"We try to do quirky things that you don't see others doing and our members love it," said Michalka. "In our weekly brainstorming sessions we discuss anything that has caught our eye not only from other financials but ideas can be inspired by something we saw at Nordstrom, Target or even within our local community."
Known for her innovative "outside-the-box" thinking, Michalka says she and her six-person team strive to be distinctive and have fun with their campaigns.
"Financial information can be pretty boring so we use a combination of very creative high-end images, with colorful graphics and a layout that is set in a way that people want to learn more," said Michalka. "We see ourselves as advocates so we don't just tell them what great products Altura offers but rather we share the information they need to know so we are not just a vendor but a true partner."
Celebrating its 50th anniversary, marketing plays a key role in Altura achieving a 15.48% growth in assets and 8.9% growth in membership in the past year.
Some of the more unique marketing efforts include local high school homecoming game school donations; partnering with SIFE to open an entirely student-run caf? called The Spot at its Magnolia Avenue branch to give real world business experience; tying in its Murrieta branch opening by offering an Affinity Visa credit card that gives back to the community by having a portion of purchases donated to the member's designated Murrieta public or private school or to the library; and offering a 50/50 CD for Youth, an account that can be opened by kids up to 17 years old for a minimum of $50 and pays 5% for a term of 50 weeks. Additional deposits up to $10,000 can be made and it can be renewed for 50 weeks upon maturity. "Our role as credit union marketers is to develop unique ways to market the credit union difference to the community at large, not only to grow sales but to build the credit union reputation," said Michalka. "As a credit union we have a responsibility to teach people to save--the overriding philosophy has to be that we truly are their advocates and our purpose is to be the resource that helps guide their financial lives." To demonstrate that point, Altura's overriding theme for 2006 marketing efforts was "This is what membership feels like." Michalka says every marketing medium from statement inserts, radio advertising, billboards and collateral materials, to the Web site, in-branch posters, publicity and government relations/legislative outreach efforts reinforced that message.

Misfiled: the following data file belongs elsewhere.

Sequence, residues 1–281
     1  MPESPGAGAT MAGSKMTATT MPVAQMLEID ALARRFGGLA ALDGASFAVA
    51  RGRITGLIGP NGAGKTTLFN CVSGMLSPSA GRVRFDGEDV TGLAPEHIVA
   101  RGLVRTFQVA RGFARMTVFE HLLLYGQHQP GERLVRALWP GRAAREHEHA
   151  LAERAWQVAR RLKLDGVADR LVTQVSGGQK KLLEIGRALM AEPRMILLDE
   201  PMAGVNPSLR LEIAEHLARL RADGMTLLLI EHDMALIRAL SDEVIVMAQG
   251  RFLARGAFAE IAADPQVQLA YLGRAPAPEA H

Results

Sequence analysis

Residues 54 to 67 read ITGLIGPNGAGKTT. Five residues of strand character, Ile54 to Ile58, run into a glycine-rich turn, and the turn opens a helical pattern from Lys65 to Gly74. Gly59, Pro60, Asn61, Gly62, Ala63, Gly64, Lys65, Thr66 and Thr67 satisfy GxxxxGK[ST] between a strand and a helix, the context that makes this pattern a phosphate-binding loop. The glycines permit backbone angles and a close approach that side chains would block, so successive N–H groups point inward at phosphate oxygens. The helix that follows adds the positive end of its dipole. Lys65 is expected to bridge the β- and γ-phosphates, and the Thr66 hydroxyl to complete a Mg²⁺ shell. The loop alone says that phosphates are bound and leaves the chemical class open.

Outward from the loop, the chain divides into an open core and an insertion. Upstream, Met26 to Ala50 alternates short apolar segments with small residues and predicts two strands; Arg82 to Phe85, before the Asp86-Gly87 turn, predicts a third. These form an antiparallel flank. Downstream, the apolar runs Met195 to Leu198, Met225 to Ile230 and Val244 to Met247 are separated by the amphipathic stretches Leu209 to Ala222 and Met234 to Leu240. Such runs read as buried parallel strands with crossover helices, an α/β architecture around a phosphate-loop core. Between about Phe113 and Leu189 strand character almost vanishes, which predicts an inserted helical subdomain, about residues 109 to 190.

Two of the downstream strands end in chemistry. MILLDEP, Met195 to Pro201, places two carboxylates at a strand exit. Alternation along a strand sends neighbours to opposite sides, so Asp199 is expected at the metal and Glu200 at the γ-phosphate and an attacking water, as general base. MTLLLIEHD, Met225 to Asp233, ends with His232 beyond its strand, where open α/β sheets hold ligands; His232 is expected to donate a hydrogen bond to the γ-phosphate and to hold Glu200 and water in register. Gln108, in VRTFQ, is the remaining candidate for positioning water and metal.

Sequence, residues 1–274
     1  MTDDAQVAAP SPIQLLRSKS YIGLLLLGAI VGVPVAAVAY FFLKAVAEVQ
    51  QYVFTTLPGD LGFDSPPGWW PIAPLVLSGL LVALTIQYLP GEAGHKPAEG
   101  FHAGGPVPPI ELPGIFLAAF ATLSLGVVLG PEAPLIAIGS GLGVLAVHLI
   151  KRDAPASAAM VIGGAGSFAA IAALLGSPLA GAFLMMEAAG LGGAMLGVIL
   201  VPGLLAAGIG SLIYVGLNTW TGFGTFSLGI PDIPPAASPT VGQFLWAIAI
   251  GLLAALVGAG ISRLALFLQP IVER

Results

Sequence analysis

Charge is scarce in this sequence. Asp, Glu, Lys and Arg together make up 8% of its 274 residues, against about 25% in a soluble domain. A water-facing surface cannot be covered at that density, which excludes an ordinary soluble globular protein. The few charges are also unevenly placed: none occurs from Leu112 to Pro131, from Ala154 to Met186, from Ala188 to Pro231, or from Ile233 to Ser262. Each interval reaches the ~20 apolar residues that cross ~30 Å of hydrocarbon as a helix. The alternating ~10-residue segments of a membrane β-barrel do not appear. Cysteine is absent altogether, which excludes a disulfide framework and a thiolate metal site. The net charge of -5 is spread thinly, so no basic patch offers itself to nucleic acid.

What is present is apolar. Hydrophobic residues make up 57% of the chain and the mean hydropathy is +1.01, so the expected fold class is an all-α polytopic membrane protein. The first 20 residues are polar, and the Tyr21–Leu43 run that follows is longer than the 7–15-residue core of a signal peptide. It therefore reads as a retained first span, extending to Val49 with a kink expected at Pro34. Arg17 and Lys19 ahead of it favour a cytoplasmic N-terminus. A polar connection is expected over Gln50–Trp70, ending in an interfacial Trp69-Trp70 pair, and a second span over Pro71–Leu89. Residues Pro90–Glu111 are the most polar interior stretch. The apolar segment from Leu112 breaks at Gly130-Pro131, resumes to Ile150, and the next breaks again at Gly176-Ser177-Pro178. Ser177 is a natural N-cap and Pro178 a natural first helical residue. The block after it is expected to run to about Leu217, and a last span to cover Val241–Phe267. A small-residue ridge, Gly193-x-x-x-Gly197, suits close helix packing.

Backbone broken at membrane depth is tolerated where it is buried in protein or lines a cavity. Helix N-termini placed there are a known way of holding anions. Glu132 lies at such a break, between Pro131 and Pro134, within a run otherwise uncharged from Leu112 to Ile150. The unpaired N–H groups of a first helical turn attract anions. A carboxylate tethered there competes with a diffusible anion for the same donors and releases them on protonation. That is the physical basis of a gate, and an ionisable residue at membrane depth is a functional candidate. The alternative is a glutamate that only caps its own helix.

She adds that the delivery can sometimes pack an even more powerful punch. For example, Altura sponsored the library foundation's admission to Good Morning Riverside, a big meeting of local businesses and community leaders. Generally event sponsors are given some stage time to speak. However Altura opted instead to give their time allotted to library foundation leaders. The Altura name was in the library foundation's materials, but the focus was clearly about the foundation not the credit union. "Taking a step back from the spotlight to give the foundation the time to get in front of community business leaders to let them know why libraries are important ultimately made Altura look better than anything we could've ever done in terms of promotion," said Michalka. "It showed who we are, how we operate differently, how Altura supports education from every angle and how we really are a true community partner." --email@example.com